How To Properly Execute B-List Invitations

Erin has written out detailed methods on how to properly execute B-List invitations. First, the open and honest approach:

  • Send out the first wave of invitations earlier than usual, and as the ‘unable to attend’ RSVPs come in, to send along a nice note with the invitation to the next guest saying something along the lines of…“We are having an intimate wedding with limited capacity, so initially we were unable to include everyone we would have wanted there with us in a perfect world. However some family members are now unable to attend, and happily this means we are able to ask you to be a part of our celebration. We apologize for the later than usual notice, and hope you will be able to join us.”

If you wish to do this more discreetly, Erin suggests the following:

  • Plan ahead so that your two waves of invitations are far enough in advance that the second wave won’t notice that their invitations came later than usual, and thus everyone should be blissfully unaware of a primary and secondary list. This would look something like this:

Wedding Date is September 1st

First wave of invitations is sent out by May 1st with RSVPs coming in by about June 1st.
Secondary invitations sent out by June 15th with RSVPs coming in by about July 15th.

Erin says you can make two sets of invitations with different RSVP dates for each wave. If you are concerned about the costs or risk people finding out the 2 RSVP dates, she suggests for you to make the RSVP date later, hoping that the primary list will respond sooner.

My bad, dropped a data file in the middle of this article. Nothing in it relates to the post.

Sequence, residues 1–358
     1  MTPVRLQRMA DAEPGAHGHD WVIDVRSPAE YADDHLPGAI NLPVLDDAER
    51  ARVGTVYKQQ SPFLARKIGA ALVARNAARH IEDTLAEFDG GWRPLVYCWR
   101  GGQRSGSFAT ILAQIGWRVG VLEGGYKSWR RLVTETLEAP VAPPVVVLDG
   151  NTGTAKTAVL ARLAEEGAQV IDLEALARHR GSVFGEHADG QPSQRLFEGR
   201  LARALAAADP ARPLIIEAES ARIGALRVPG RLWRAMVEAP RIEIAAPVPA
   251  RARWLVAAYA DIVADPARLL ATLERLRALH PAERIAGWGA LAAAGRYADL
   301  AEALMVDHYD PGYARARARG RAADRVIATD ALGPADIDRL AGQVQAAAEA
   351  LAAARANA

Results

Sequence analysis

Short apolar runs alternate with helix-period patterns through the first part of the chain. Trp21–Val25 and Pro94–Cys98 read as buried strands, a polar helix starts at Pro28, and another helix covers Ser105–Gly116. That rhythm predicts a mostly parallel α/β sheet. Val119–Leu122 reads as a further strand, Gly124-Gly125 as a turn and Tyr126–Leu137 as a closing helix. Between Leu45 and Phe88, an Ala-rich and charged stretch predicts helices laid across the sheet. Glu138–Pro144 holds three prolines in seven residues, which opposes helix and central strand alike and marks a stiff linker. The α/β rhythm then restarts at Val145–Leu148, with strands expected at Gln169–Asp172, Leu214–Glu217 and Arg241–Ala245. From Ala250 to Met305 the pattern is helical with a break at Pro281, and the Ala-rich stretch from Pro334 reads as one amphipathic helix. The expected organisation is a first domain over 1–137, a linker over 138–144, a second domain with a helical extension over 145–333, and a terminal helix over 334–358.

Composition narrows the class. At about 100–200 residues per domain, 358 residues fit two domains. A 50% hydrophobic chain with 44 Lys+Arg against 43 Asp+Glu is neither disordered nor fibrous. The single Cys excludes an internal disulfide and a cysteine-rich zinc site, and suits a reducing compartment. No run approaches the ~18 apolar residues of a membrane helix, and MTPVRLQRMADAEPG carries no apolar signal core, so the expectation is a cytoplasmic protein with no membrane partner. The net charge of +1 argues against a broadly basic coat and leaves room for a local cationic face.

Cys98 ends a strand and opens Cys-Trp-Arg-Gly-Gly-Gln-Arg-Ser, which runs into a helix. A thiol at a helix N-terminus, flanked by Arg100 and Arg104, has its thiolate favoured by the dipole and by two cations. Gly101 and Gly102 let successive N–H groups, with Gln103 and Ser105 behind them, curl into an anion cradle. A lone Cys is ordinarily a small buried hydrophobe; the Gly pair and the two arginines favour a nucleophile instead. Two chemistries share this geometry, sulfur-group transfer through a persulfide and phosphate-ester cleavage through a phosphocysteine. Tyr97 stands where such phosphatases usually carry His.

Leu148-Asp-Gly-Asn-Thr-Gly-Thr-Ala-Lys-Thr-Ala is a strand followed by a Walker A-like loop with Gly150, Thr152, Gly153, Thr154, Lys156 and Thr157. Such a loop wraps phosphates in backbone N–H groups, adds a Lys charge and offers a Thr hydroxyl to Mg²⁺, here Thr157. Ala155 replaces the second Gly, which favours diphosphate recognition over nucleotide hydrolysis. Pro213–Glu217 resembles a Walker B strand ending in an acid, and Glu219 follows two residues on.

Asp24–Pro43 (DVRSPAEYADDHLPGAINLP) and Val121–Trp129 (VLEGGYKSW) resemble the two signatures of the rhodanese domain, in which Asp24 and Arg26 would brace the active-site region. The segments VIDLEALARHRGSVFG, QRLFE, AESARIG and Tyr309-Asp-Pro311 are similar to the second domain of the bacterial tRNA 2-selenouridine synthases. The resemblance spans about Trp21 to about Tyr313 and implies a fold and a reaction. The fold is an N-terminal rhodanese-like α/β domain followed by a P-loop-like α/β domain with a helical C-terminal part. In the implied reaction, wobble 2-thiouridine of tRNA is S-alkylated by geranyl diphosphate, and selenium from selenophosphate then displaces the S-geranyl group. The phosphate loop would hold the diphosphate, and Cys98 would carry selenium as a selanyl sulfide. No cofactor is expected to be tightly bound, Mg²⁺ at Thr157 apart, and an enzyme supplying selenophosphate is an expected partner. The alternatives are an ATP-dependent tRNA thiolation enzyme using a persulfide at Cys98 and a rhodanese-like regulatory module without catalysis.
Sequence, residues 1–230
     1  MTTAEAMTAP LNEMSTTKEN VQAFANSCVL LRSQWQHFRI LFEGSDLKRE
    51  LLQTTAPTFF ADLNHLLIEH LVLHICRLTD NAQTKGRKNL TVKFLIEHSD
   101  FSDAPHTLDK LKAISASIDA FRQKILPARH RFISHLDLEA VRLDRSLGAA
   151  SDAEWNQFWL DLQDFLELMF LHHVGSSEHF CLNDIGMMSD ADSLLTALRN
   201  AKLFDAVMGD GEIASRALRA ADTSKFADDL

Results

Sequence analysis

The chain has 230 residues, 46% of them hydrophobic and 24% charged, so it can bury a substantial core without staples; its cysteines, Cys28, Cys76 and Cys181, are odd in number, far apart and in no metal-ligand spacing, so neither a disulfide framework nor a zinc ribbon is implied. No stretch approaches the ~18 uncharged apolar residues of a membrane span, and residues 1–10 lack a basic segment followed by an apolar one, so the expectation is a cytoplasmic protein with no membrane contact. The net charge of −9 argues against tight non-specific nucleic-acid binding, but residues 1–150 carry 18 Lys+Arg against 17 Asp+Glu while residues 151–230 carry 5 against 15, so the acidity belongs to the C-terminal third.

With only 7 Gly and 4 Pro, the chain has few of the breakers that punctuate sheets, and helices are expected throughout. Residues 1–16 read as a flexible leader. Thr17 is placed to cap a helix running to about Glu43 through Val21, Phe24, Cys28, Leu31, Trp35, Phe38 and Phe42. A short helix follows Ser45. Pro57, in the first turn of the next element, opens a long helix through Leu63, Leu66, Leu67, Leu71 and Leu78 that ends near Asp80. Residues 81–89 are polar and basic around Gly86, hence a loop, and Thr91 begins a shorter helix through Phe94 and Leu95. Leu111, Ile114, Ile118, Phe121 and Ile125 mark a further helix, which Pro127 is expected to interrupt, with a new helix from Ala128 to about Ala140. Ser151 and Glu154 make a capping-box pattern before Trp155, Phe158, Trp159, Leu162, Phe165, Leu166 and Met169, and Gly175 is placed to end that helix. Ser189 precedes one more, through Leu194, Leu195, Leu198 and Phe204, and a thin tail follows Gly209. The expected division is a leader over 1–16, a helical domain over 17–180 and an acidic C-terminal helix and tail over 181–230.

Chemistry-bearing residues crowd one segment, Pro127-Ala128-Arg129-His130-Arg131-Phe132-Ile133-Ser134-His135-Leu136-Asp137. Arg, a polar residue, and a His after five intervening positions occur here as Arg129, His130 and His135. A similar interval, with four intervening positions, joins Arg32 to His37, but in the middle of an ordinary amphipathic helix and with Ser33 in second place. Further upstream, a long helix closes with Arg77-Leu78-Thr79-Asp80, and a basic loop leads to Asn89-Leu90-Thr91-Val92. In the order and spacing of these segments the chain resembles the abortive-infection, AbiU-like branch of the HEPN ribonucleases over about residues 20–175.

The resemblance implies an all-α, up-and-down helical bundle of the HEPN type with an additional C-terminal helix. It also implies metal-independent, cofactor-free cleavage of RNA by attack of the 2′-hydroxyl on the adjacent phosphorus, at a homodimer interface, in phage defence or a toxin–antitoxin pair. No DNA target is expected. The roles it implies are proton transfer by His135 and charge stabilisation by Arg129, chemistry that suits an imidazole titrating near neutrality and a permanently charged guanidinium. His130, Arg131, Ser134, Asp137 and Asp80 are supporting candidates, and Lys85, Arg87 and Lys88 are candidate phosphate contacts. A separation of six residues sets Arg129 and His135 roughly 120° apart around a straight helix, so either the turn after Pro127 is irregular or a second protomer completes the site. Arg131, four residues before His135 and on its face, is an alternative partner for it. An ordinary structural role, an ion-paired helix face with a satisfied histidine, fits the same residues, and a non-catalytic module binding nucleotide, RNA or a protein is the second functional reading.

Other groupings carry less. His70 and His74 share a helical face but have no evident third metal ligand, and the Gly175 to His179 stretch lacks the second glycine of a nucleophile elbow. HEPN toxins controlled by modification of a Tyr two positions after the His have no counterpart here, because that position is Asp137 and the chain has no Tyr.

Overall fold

Final Advice from the Planners

Briar: Again, it doesn’t need to be advertised that there is a B List and most friends completely understand if they are on one! Family is a trickier subject and needs to be approached with a bit more caution. The key is to make sure that you set some ground rules for the invitations. If you have a few extra seats, then all of your cousins get to bring a plus one. Not just a few of them. If you are getting too close to the wedding date that there is no time to send a proper invitation, a warm phone call will do the trick. You can just explain that you are thrilled to now be able to extend an invitation. Chances are they will be thrilled right back!

Kailey: If you absolutely have to send out a last-minute invite, limit them to people who are easy-going and understanding. Be honest with them. Explain your strict budget and emphasize your delight in having a seat become available so they could join you! People want to feel wanted; not like an after-thought.

Erin: If you are going to do the discreet method, it’s important that you consider which primary and secondary guests know each other or work together etc because if one gets an invitation, it could be mentioned to the other and their primary and secondary status could be discovered – which is what you were hoping to avoid.

So the question now is… will you be having a B List? Thank you to Briar, Kailey and Erin for weighing in on this issue. I hope their tips come in handy when it’s time for you to decide on your guest list. If you like their advice and want to find out more about them, please visit their websites and show your support :)

Epic Events | Facebook | Twitter
Kailey Michelle Events | Facebook | Twitter
Filosophi Events | Facebook | Twitter

Photographer credit: Pure White Studio (feature photo), Ophelia Photography, & Jenna & Tristan